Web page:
Where I Fall on Titanfall

I play a lot of games. More than I probably should, actually, considering all of my daily responsibilities, but that’s neither here nor there. I can honestly say I haven’t played a game quite like Titanfall.

That’s definitely a good thing, as I have become increasingly bored with first-person shooters as of late: Call of Duty: Ghosts has, in fact, lost my interest faster than usual. I’ll buy an FPS, play the campaign, and then spend several weeks on multiplayer until I either find myself eclipsed by everyone else online or just lose interest, and while it’s true that I haven’t been playing Titanfall very long (since the beta opened last Friday), I don’t see myself doing that here. That’s because Titanfall is something that other successful games are: different.

Created by Respawn Entertainment (a group of developers who once worked for Infinity Ward and helped create Call of Duty 4: Modern Warfare, which also succeeded because it was different), Titanfall has a lot going for it. You’ve got gameplay that is obviously inspired by Call of Duty, mixed with giant robots, mixed with parkour and double jumps. It’s like Respawn took the best parts of several franchises: Killzone/Halo, Call of Duty, Gundam, etc., and combined them into a giant amalgamation of fun.

Titanfall_E3_029
(Image Source: Polygon)

That’s not to say that Titanfall is perfect, unlike what most game journalists are saying right now. There are some flaws: first of all, no single-player campaign mode. While it’s obvious that most FPS fans don’t buy for the campaign, some people (including myself) do, and it’s really hard for me to justify dropping $60 on a game without a single player mode. Especially if you’re like me and play for fun instead of out of a need to be insanely competitive, which means that a multiplayer-only game would be useless to me after a couple of months, dropping replay value.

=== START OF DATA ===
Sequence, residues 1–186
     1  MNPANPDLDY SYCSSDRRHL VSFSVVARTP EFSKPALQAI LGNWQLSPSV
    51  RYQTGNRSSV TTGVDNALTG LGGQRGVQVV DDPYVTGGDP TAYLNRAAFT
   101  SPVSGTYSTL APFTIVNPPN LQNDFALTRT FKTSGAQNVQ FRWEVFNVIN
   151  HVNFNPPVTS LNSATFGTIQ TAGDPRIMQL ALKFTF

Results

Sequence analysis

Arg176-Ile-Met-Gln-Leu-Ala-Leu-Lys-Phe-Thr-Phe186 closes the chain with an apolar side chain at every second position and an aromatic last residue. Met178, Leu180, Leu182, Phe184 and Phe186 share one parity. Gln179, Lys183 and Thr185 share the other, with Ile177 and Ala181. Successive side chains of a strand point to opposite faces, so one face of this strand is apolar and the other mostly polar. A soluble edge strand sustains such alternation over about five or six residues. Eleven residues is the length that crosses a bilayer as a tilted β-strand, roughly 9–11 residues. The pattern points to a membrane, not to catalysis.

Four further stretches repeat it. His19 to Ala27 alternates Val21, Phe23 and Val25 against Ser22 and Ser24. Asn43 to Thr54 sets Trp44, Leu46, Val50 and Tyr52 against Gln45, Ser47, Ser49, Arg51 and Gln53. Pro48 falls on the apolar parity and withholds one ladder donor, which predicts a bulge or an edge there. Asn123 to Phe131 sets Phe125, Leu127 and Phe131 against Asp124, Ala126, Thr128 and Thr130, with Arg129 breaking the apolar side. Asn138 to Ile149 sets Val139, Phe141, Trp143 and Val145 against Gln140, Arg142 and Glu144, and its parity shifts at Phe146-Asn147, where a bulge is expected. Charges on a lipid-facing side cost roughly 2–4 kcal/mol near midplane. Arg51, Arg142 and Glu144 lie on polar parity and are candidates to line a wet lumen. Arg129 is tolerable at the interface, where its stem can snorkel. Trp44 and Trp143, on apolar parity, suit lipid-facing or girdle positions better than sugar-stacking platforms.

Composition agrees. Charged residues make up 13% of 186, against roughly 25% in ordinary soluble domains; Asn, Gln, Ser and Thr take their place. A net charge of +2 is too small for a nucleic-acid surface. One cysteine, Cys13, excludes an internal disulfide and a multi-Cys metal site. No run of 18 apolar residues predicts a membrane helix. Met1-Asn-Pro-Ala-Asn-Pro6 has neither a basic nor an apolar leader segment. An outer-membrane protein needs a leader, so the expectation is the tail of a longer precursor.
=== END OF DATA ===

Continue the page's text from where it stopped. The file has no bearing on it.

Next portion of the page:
To their credit, Respawn seems to be trying to assure folks like me why they went this direction, and claim that you’ll be able to see a story open up in multiplayer. My problem with that answer is that it would require me to stay still long enough to hear the conversations and story details they speak of, which would only get me shot faster.

Also, there’s the specter hanging over the title that is EA, the publisher that everyone loves to hate. If you play on PC, that means you have to have an Origin account, something a lot of folks try to avoid (although truth be told, Origin‘s pretty okay to use and even offers refunds on certain digital purchases). Origin‘s a free download and shouldn’t deter very many people from playing, but you know it will have an impact.

You could always play on Xbox LIVE via an Xbox One or Xbox 360, but it’s been noted in the past I’m not a fan of that option.

So in a long way of making a short statement: Titanfall is good. Very, very good. However, I won’t likely be buying it at full price… I’m just not sure there will be enough replay value there to justify it. I could be wrong.

I hope I am.

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